In the 1960s, Michael Zagaris was young law student and an aspiring politician. Hired as a speech writer for Robert F. Kennedy, it seemed as if Zagaris was well on his way to becoming just that. But on June 5, 1968, the unthinkable occurred — Robert Kennedy was gunned down before his very eyes after giving a speech at the Ambassador Hotel in Los Angeles. The trauma of that day was enough to steer Zagaris away from a career in politics and toward his passion — rock 'n' roll.
A new book, Total Excess: Photographs by Michael Zagaris, and accompanying exhibition at Milk Gallery in New York City, chronicles his life as witness and photographer to rock 'n' roll's golden era. BuzzFeed News spoke with Michael Zagaris about his life's work and current exhibition at Milk Gallery.
What motivates you as a photographer and artist?
Michael Zagaris: I'm the photographer that has never considered himself a photographer. I am an artist or performance artist with a camera. I've always used the camera to gain access to situations that I wanted to be in, to experience things. I used both the camera and the experience I had through the camera like an actor uses his character and becomes his character. ... You're not just playing the part, you become the character through the performance. This enables me to change and have many diverse experiences in my life.
1. The Doors at the Northern California Folk Rock Festival, San Jose, 1968
How did you begin your career as a photographer?
MZ: I've always taken photos. I thought it was fun, and you don't realize it at that time. Not only that, you want to have a tangible artifact. I did this through high school, and when I started working on a photo book on English musicians titled, The English Rockers, Eric Clapton looked at some proof sheets I was carrying, and he asked if he could use them for their albums. He offered to pay me and that's how it started. In addition, every musician came to San Francisco because they would perform at Winterland or Fillmore. We would meet, have fun, we were the same age, and everyone was accessible. Peter Frampton was in a group called Humble Pie. He soon became a rock star and in 1969, I traveled with him to London. Peter’s friend Mary was good friends with Twiggy and other people in the London scene. That's how my career started — being at the right place at the right time.
3. Blondie at Golden Gate Park, San Francisco, 1978
Do you have advice for young artists and photographers hoping to do what you do?
MZ: Yes — be born in another era! Haha. It's really hard because everything has changed now. So many people ask me that and I don’t know what I would do if I would start now. To me, it's most important for emerging artists to immerse themselves and engage in mentorship, like what's going on here at Milk. Emerging artists and creatives have a place to congregate, communicate, and collaborate together, and it's great to see that in action.
If you're beginning, it helps to live in a big city, and that alone is very expensive. Besides that, you either have to work with Getty or Associated Press or a newspaper and if you do land one of those jobs , you don't own your images. Photography never paid much, but in the '70s and '80s you could at least get by. The real payment then and now is in the doing...it's in the experience you have. I've never made that much money but the experiences I had and the lifestyle I was living were in fact the currency of my realm. I don't want to discourage anyone today because I feel if you really want something bad enough you'll find a way to make your dream come true. The most important thing is really wanting it, putting the energy into succeeding, and being willing to make sacrifices in order to do that. It's a daunting but not insurmountable challenge.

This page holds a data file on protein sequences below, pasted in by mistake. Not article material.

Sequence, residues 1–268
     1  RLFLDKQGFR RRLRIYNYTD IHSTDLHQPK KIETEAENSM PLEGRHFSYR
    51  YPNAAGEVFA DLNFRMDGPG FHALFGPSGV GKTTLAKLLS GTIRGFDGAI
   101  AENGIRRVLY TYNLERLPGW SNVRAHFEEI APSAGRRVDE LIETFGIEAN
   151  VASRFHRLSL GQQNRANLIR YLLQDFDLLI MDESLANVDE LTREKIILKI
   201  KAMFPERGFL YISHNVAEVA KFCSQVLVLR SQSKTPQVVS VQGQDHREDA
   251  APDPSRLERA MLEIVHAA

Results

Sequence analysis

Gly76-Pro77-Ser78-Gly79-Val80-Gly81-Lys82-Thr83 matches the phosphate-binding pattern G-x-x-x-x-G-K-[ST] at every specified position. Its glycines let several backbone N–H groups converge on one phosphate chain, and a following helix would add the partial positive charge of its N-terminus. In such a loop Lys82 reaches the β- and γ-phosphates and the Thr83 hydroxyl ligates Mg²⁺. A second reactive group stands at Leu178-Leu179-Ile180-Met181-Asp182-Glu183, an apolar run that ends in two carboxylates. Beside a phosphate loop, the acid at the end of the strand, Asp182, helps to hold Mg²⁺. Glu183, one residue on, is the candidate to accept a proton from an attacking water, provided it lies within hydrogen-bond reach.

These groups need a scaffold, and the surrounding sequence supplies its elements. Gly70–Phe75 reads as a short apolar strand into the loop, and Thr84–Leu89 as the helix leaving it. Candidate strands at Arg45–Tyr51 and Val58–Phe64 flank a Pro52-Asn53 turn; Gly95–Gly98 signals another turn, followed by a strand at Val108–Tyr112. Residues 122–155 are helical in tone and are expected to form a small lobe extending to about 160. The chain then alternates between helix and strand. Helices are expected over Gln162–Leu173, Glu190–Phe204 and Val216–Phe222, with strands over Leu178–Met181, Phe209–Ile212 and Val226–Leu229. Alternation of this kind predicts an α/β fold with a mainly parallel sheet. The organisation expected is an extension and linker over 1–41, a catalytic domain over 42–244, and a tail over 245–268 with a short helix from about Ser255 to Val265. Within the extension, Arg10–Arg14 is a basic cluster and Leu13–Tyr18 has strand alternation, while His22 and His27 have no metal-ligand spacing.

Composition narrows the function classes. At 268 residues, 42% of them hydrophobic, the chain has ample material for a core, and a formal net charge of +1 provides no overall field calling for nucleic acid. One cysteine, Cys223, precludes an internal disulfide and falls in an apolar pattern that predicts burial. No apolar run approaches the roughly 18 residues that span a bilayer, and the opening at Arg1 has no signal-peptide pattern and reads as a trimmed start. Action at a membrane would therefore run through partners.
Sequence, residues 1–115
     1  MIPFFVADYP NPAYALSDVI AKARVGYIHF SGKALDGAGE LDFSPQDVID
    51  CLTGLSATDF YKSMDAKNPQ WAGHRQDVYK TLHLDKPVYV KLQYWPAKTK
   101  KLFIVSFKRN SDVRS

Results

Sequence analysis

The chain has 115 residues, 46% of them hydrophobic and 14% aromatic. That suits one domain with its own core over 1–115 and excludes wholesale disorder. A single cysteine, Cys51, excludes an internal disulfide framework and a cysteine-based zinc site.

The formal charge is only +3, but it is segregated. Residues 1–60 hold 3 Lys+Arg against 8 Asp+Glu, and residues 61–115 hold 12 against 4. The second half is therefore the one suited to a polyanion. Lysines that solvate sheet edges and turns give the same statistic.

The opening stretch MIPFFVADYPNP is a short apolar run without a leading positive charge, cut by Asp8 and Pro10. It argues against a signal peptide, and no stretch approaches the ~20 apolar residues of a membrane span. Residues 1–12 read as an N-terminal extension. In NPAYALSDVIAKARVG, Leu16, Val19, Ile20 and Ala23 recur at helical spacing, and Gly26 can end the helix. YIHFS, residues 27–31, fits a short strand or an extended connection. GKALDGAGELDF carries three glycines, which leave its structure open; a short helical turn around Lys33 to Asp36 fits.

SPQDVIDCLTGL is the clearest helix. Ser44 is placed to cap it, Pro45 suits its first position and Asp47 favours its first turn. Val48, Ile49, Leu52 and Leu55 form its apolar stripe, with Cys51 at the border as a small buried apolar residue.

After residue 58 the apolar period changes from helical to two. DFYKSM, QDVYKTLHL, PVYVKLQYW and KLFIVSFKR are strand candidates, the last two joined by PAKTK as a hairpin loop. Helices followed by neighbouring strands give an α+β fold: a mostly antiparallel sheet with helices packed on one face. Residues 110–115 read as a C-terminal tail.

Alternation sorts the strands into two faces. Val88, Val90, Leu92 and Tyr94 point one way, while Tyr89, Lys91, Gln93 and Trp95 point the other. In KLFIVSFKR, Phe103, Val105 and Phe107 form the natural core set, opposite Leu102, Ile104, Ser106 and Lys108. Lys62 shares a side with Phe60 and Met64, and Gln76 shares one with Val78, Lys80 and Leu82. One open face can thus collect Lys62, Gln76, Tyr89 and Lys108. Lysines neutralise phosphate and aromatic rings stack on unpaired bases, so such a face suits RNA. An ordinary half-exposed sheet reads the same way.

4. Bob Dylan at Kezar Stadium, San Francisco, 1978
What are some of the steps in organizing such a grand body of work for show and publication?
MZ: For the book, I probably worked for four years with Dagon James. Dagon had a magazine called LIT, and that's how we met. In the first year, while he was in San Francisco, we scanned all of the content (much more than what we used). In the second year, we started picking out the things that would work for the book. In the third year, Dagon moved to San Francisco. We would spend four hours in front of the computer looking at the images. Dagon is an incredible designer. The design that he crafted for the book was just unbelievable. In my education, it was always European books, [and] they were all about design and storytelling. That was the most incredible part, the process of making the book. It's not about the destination — it's about the journey. When we got ready for the [show at Milk Gallery], we thought about what would shock people and bring them inside. The difference between the book and show is in the presentation. For the selection of imagery in the show, we had to consider size, framing, and the placement of photos. We wanted to have things that will really impact people. We wanted to include images that are going to draw people into the space.
5. Jimmy Page, Led Zeppelin at Day on the Green, Oakland, 1977
6. The Who at Winterland, San Francisco, 1976
7. Pete Townshend, The Who at Day on the Green, Oakland, 1976
Is there a particular image on view that you find to be your favorite?
MZ: I don't have one image that is my favorite. I love that Lou Reed shot of him lighting a cigarette, the one of The Who, where Pete is lifting the guitar. It says so much about performance and rock 'n' roll. The close up portrait of Jimmy Page playing the guitar was one of the best moments; it was his last show in America as Led Zeppelin. They were metaphysical; they were channeling music from another dimension.